Redundancies - The Facts Part 2

Peninsula Team

July 19 2012

In our previous post we gave a general outline of the genuine reasons for a redundancy and what should be incorporated into a redundancy rationale. In this post we are going to look at the fair procedures behind redundancies and the subject of Collective Redundancies.   The primary element of any fair procedure is that the role is actually redundant, based on the five grounds for redundancy. This will ultimately determine if an employee has any basis to be able to claim that they were unfairly selected for redundancy. A good insight into this is the case of Ponisi -v- JVC Europe Limited [2010] 21 E.L.R. 320 & (UD 949/2008) where the Employer was making the General Manager role redundant and offered a Sales Manager role as an alternative to the Employer. It was held to be an unfair dismissal as the two roles were effectively the same only the new role was of a lower status with lesser pay. The role wasn’t genuinely redundant and employee awarded €161,420 compensation. Consultation Process In order for a Redundancy to be seen as "fair" an employer must engage in a  consultation process with the affected employees, this is based on Unfair Dismissals Acts, 1977-2007 Section 6(3) which states that even in circumstances where there is a genuine redundancy situation, an employee who is unfairly selected will be able to bring a claim for unfair dismissal. Also section 6(3) states that an employee may claim unfair dismissal where they were selected for redundancy in a manner which contravened a previously agreed selection procedure. The consultation process is important as in the case of Mugford -v- Midland Bank Plc. [1977] IRLR 209 the UK EAT held that “[w]here no consultation about redundancy has taken place with either the trade union or the employee the dismissal will normally be unfair”. So it is vital that in order for a redundancy process to be seen as "fair" a consultation process must take place. Selection Pool Once an employer has established that it is a genuine redundancy scenario they must then look to engage in a consultation process with all the affected employees.  The word all is important here as an employer must not select certain people over others for redundancy if all carry out the same role, and so all employees in this "selection pool" are included.  Essentially an employer is ensuring that the "job" itself is seen to be redundant and not the employee, so everyone who does this "job" is included in any redundancy consultation. The case of Dowling v Whole Foods Wholesale Ltd. UD 95/2006 is important on the basis that the employee was the only employee considered for redundancy, even though he worked across several departments. This was held to be an unfair dismissal and the employee was awarded €4,500. Selection Criteria Once a selection pool is established, if an employer does need to select only a certain number of employee's for redundancy a fair means of selection should be used and the employees notified of this in advance. In the case of Maura Cronin -v- R.P.S. Group (UD2348/2009) the employee awarded €21,500 compensation due to the employer’s “failure to advise the Claimant of the criteria that were applied in selecting her for redundancy." This "selection criteria" would normally be in the form of a Skills Matrix and the criteria for selection should be objective, fair and measurable. In the case of Williams -v- CompAir Maxam Ltd. [1982] IRLR 83 the employer selected for redundancy on the basis of ‘who in the opinion of the managers concerned would be able to keep the company viable’, which failed to meet the objectivity requirement. Also the case of McDermott -v- Masonry Fixing Services [2009] 5 JIEC 0801 & (UD 1523/2008) is notable as the selection criteria used was “vague, ambiguous and subjective”. The employee was awarded compensation in the sum of €15,000. Alternatives to Redundancy Finally in the consultation process itself an employer must look at alternatives to redundancy in order to adequately justify any redundancy, and to also show that all other avenues have been explored, there are no other positions available and that redundancy is the final resort. This is highlighted in Jeffers v DCC Ireland Ltd. (UD 169/2000) where the tribunal stated "where a person is being made redundant, there is an onus on the employer (i) to take reasonable steps to seek alternative employment within the company for the employee being made redundant (ii) to know what positions, if any, are available on the relevant date, and (iii) to offer any such reasonable alternative positions to the employee whose position is becoming redundant." Collective Redundancies We also advised that we will look at the matter of collective redundancies and how they differ from standalone redundancies. The criteria for a Collective Redundancy is set out in the Protection of Employment Acts 1997 to 2007. According to the Act collective redundancies apply where in any period of 30 consecutive days the number of such dismissals is—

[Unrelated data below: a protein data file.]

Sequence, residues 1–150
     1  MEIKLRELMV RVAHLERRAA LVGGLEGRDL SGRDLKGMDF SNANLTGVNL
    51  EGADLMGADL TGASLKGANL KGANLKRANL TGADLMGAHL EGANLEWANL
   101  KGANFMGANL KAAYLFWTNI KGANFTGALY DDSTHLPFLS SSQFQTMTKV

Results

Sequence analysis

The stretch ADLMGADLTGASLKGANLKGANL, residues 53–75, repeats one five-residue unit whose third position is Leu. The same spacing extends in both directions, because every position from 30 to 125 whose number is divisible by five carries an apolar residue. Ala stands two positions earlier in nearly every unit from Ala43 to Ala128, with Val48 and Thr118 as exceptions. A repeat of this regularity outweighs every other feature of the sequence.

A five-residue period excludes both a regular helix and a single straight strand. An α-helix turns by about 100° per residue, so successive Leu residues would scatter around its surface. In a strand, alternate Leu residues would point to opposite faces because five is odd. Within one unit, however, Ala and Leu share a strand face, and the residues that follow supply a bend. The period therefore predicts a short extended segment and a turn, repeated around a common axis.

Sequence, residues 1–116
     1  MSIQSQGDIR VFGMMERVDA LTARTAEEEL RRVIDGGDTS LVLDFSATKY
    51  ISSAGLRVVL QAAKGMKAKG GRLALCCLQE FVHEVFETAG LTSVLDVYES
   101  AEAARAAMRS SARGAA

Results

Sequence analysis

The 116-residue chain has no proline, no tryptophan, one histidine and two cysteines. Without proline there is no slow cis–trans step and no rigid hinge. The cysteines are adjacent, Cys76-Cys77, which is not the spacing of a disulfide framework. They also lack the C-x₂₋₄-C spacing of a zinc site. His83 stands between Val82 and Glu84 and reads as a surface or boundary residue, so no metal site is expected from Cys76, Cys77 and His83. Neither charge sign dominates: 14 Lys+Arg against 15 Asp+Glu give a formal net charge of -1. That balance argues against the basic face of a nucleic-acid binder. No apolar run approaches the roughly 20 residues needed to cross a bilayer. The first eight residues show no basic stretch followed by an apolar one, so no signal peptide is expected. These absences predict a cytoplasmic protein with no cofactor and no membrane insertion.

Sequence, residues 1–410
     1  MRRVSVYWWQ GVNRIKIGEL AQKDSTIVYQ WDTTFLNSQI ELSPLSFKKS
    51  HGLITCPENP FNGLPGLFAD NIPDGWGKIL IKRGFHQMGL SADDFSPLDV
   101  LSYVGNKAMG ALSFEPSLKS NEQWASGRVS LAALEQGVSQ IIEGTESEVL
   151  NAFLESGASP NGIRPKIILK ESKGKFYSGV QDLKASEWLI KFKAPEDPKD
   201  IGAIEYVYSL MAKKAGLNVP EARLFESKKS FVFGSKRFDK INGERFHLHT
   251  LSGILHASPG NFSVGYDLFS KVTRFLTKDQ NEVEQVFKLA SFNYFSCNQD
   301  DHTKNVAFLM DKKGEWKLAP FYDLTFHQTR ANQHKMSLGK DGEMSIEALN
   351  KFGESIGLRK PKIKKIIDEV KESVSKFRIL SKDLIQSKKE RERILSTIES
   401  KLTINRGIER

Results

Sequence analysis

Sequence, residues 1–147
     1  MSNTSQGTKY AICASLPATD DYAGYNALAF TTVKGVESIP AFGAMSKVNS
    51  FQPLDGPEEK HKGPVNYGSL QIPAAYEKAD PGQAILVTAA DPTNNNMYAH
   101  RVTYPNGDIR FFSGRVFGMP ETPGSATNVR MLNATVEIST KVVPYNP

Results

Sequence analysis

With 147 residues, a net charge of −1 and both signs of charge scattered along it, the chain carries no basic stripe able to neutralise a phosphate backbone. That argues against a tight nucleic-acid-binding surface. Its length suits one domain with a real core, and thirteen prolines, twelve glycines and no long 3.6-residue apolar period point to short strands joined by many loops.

• at least five in an establishment normally employing more than 20 and less than 50 employees,
  • at least ten in an establishment normally employing at least 50 but less than 100 employees,
  • at least ten per cent. of the number of employees in an establishment normally employing at least 100 but less than 300 employees, and
  • at least 30 in an establishment normally employing 300 or more employees.
There are strict consultation requirements for a collective redundancy, where the employer is required to engage in consultation at the earliest opportunity and at least 30 days before the first dismissal takes place. this consultation must be held in conjunction with employee representatives to discuss the details such as the number of employees concerned, selection criteria, alternatives and calculation of payments. A letter must also be submitted to the Minister for Jobs, Enterprise and Innovation (currently Richard Bruton) at the beginning of the process to notify the Minister of the intention to make redundancies. There has been a wealth of information between these two posts and we feel we have only just brushed the top of this subject, the redundancy process can be tricky for any employer and employers should be fully aware of the process they are entering into if they do wish to pursue redundancies. Our Readers Questions page is open to anyone who does have a query on this topic.